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Writing an eBay Ad 101, Part One...
Writing An eBay Ad 101
Many people have paid me nice compliments about my eBay ads. They've been kind enough to say they found them both entertaining and educational. In fact, some people find them so nicely done that they lift them right off the eBay page and use them for their own sales! Having a degree in Journalism the word "plagiarism" is the word that makes me cringe more than any other.
But, others seem to be trying to emulate the style of my ads and there's nothing wrong with that. Since I believe there is enough magic market for everyone out there, I'm going to try to give a basic course in writing an ad for eBay. Trust me, if you use these techniques you will build a good reputation. But, keep in mind that the reputation won't come overnight. Most people are not aware that I've been selling magic on eBay for nearly NINE years and am probably one of the very first to put magic on that venue, but certainly the first to put high end, collectible magic there. When I first tried eBay, there was nothing but regular retail magic being sold as an "auction," a practice which seems to have extended to other magic "auction" sites today through the use of inflated reserves. So, here are some basic rules and methods to write a good ad. This entire "lesson," will take more than one post, so I'll start with the absolute basic ingredient.
And, that ingredient is, KNOW YOUR ITEM. If you don't start here, no ad will be of any value. Know what you selling. There are four things to know about the item. They are, the manufacturer, what the item does, the condition and the honest value/rarity of the item. Having complete knowledge of those four characteristics of your item gives you a solid foundation on which to build a good ad that will both sell your item and be honest and accurate. You want to describe your item favorably to make it appealing to the bidders, but you also want to be completely honest and accurate to avoid potential problems. Let's take them one by one.
First, the manufacturer or who made it. That can often be the most difficult to establish. It it's a stamped item, like a P&L, in MOST cases that is evidence enough. However, don't rely on that. For example, when Don Esposito bought P&L he decided to print the P&L logo on ALL his instruction sheets no matter what the item was. So, you often see P&L tricks on eBay that you never knew they even made and it is often because they did not. For example, a clever item put out years ago under the title, "Osmosis," was created by a guy in Florida. I think his name was Chris Moore, but I could be wrong. Anyway, it involved a leather zippered tobacco pouch with a piece of card affixed to a piece of elastic. It was used to have a signed card appear in the pouch, similar to Kennedy's Mystery Box and other tricks of that type. It was, obviously, never made by P&L. Yet, get one and it will probably have the P&L logo on the instructions and read, "P&L Osmosis." So, uninformed sellers post them on eBay as a P&L prop. It is and never was.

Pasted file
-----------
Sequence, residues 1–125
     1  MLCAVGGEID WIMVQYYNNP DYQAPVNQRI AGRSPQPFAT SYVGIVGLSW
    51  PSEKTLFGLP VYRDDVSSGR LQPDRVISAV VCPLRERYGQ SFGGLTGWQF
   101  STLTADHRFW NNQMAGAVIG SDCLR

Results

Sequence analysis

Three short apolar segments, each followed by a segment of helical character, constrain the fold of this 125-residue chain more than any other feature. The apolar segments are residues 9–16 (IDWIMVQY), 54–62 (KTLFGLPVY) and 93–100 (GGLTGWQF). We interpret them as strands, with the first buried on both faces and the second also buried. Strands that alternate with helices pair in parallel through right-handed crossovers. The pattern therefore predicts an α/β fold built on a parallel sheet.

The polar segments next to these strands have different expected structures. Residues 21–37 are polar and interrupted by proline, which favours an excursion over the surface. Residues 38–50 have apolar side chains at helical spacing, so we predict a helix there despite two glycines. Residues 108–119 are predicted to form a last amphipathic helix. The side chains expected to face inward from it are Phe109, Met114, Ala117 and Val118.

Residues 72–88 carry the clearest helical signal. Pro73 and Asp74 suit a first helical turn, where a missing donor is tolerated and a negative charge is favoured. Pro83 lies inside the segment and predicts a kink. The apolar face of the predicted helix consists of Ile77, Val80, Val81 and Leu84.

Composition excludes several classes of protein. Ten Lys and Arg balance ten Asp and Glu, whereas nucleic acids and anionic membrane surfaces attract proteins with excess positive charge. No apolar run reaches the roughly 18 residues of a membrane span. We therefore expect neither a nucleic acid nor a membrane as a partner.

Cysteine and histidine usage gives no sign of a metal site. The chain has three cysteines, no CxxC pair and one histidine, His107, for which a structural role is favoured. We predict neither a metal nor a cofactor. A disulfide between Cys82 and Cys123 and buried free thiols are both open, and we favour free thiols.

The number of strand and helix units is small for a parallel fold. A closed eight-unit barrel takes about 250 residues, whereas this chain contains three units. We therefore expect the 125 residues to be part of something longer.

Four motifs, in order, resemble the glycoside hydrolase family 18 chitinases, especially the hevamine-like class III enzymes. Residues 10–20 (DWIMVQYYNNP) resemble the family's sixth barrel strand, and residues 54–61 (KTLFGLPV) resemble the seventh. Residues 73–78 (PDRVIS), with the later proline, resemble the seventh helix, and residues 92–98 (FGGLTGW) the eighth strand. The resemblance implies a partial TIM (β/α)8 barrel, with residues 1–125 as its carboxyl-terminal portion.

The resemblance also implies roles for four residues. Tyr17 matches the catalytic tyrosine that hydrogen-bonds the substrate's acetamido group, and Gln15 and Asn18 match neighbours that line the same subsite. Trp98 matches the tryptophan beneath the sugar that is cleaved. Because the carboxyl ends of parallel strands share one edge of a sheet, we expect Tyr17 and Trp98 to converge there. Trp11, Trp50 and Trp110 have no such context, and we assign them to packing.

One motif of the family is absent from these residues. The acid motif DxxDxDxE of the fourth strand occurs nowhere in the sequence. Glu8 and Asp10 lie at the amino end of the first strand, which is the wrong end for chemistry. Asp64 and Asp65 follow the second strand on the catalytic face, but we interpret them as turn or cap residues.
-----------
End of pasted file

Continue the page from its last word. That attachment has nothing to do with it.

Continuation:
If it's not stamped or immediately recognizable, then you have to do your research. So, what do you do if you can't definitely establish a builder?
If you don't know who made it, simply say so! Tell the truth! Don't speculate in an attempt to enhance your ad, simply say you don't know who made it. An example of false enhancing? "I'm not sure but several people have told me Okito made this beautiful deck of Bicycle Cards and the case does have an Oriental decal on it, so I'm pretty sure it's Theo's work." Get the idea? Same description properly written, "I have no idea who made this deck of Bicycle cards, however the quality is really first class and there is even a touch of elegance to the decor with the application of an Oriental decal on the case. Even though I'm sure he did not make this, the decal is exquisitely applied in the manner of Okito."
The first one flat out speculates and strongly implies the item was made by Okito. The second ad honestly states the seller doesn't know who made it, but still points out the quality of the workmanship, as well as pointing out a similarity to Okito's work.
The first ad also points out another common mistake to avoid. NEVER use unspecified references to affirm a claim. Who are "several people" and how are they qualified to know if the item was made by Okito? Which brings me to another point. Magic has a plethora of so-called experts in apparatus, 99% of whom take very little time to really research, and in many cases even look at what they sell. That practice is really evident in those who sell on eBay and magic auction sites. Never take the word of any so-called expert, including me, as to the manufacturer of an item. Use their confirmation as a guideline to point your research in the right direction, but never use them as published evidence unless you are absolutely sure they are correct.